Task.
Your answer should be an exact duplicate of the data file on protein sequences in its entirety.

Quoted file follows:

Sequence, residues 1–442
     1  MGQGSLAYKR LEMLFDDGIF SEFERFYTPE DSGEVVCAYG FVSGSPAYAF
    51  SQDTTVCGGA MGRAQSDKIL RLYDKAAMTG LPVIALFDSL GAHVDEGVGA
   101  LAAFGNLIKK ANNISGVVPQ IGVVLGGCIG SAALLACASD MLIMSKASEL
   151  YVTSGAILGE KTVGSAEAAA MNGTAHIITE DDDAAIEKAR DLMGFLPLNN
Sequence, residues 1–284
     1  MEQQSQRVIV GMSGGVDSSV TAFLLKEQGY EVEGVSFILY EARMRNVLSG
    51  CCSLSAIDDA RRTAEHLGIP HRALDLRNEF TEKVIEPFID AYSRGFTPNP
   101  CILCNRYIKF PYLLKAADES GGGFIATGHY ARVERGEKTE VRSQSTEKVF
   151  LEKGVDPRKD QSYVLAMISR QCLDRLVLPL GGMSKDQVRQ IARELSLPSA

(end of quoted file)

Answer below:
Sequence, residues 1–442
     1  MGQGSLAYKR LEMLFDDGIF SEFERFYTPE DSGEVVCAYG FVSGSPAYAF
    51  SQDTTVCGGA MGRAQSDKIL RLYDKAAMTG LPVIALFDSL GAHVDEGVGA
   101  LAAFGNLIKK ANNISGVVPQ IGVVLGGCIG SAALLACASD MLIMSKASEL
   151  YVTSGAILGE KTVGSAEAAA MNGTAHIITE DDDAAIEKAR DLMGFLPLNN
Sequence, residues 1–284
     1  MEQQSQRVIV GMSGGVDSSV TAFLLKEQGY EVEGVSFILY EARMRNVLSG
    51  CCSLSAIDDA RRTAEHLGIP HRALDLRNEF TEKVIEPFID AYSRGFTPNP
   101  CILCNRYIKF PYLLKAADES GGGFIATGHY ARVERGEKTE VRSQSTEKVF
   151  LEKGVDPRKD QSYVLAMISR QCLDRLVLPL GGMSKDQVRQ IARELSLPSA